Bao Tong, former top Communist Party aide to the ousted late Chinese premier, Zhao Ziyang, has been under house arrest at his Beijing home for nearly two decades after his boss’s fall from power during the 1989 pro-democracy movement. Following are edited extracts from a three-part series of his essays about the Olympic Games in Beijing, broadcast on RFA’s Mandarin service beginning Aug. 4:
It is very naive to take the number of gold medals won as an indicator of the rise of China. That sort of patriotism…has nothing to do with the Olympic spirit…There are subtle differences between China and other countries when it comes to the training and selection of athletes. Other countries use athletics as a way of training the body. China uses athletics to snatch prizes.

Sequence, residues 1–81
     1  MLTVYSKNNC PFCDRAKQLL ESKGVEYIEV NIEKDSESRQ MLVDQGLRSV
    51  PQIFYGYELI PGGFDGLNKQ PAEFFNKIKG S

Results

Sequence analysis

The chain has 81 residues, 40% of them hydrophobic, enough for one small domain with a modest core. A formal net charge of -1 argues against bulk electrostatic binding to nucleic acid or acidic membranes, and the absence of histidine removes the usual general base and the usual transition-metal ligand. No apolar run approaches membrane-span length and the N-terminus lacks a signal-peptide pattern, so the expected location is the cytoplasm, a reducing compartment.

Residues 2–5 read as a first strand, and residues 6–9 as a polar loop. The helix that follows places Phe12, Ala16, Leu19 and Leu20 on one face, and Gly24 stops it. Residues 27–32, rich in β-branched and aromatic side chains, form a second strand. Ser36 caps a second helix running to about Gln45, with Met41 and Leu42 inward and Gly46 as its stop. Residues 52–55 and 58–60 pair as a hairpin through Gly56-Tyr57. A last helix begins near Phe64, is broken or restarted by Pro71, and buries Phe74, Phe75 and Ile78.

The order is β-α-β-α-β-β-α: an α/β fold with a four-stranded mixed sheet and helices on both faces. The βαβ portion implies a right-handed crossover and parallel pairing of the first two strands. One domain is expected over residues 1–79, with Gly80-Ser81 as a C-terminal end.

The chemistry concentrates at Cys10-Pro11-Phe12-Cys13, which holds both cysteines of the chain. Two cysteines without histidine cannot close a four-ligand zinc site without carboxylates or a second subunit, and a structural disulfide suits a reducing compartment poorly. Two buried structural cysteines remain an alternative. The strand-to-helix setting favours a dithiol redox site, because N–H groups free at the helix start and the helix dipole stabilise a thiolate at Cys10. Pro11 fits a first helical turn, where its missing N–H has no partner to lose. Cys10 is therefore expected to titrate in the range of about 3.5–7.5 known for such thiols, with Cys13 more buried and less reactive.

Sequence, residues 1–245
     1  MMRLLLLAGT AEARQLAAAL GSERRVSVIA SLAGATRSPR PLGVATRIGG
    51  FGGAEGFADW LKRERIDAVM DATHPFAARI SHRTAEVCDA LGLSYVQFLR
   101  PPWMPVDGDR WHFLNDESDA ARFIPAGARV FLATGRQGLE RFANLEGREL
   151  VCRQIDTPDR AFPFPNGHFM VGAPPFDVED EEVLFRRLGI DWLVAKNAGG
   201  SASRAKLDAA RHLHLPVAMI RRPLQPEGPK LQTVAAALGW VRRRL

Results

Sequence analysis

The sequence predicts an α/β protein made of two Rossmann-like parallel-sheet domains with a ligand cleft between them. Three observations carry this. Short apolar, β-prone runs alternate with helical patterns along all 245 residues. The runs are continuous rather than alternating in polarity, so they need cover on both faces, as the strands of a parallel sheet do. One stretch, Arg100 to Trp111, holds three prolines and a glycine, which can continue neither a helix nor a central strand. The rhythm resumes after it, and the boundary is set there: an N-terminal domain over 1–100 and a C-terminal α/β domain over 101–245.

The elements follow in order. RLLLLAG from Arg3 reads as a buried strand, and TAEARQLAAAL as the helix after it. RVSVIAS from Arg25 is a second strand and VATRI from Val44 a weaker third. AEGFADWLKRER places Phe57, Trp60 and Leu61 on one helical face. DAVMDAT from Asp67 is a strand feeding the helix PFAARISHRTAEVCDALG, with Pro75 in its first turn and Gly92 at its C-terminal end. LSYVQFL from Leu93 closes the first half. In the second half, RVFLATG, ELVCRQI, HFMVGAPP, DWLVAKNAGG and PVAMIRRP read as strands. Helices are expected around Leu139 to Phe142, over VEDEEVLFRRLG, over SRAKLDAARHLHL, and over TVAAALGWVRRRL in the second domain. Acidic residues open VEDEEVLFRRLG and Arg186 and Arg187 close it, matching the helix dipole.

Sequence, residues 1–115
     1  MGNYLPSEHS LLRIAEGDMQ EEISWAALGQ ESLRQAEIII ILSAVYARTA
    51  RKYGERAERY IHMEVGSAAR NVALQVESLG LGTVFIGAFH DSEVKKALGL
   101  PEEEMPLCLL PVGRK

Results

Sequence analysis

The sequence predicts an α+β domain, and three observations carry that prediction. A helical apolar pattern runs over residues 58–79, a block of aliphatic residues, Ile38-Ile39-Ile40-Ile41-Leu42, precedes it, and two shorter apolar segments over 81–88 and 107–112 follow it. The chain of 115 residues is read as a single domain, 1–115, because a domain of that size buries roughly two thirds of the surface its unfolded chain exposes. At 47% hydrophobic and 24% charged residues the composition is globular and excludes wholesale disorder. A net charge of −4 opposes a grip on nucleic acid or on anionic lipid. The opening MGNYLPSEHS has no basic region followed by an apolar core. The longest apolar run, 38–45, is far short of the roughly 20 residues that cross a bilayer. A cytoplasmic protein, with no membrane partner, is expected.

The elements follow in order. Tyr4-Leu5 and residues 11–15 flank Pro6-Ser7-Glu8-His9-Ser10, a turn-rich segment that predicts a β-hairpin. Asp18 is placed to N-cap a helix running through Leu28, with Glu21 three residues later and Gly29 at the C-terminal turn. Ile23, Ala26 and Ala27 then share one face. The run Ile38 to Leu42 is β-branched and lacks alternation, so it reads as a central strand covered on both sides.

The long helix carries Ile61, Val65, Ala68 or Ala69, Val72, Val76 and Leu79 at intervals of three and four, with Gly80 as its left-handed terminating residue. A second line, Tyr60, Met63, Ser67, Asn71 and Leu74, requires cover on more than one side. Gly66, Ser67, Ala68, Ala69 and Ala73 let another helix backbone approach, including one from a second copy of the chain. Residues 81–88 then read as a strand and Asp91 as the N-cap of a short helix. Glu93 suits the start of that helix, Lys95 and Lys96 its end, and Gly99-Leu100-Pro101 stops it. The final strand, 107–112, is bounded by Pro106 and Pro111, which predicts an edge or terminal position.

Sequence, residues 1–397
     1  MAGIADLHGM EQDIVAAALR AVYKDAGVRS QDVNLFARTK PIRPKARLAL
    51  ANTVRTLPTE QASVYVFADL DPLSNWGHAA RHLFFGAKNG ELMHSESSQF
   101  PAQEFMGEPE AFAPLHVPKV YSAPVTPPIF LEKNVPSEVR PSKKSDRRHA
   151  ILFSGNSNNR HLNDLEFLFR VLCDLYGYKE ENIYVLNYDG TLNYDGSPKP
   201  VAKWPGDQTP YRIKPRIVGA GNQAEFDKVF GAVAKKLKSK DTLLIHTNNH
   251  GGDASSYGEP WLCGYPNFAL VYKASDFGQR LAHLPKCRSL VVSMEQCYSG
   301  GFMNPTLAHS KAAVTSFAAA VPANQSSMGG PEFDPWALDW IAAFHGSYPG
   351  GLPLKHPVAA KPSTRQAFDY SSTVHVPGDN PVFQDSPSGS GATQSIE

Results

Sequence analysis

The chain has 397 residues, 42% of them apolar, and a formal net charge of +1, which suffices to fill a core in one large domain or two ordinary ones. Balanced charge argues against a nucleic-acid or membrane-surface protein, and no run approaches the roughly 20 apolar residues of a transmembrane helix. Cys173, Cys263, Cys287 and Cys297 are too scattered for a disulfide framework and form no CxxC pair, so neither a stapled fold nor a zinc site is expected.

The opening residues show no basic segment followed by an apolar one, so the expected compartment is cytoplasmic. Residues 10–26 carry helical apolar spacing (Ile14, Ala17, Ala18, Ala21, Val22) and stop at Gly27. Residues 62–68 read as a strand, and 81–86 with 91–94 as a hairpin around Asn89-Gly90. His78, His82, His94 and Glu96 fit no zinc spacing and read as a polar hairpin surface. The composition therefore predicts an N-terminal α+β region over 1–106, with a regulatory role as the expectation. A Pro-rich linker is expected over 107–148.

China has sponsored a top-down professionalized system, a totally segregated approach to athletic training. Non-Chinese may not understand the term “away from production.” It has its roots in the Chinese Communist Party’s experience of the 1927-37 Chinese civil war, when peasants who relied on the land for their existence took up arms as their revolutionary duty to fight for a share of it. In the process, they were torn away from their families, from the rest of society, and from normal economic activities. They were said to be taken “away from production” to fulfill this task.
China’s athletes are chosen as young children…and taken away from their families, from their schools, and totally cut off from normal social activities. The door is closed, and they give up their entire youth and part of their childhoods for the sole aim of entering and winning competitions, an aim for which they are totally re-molded by the system.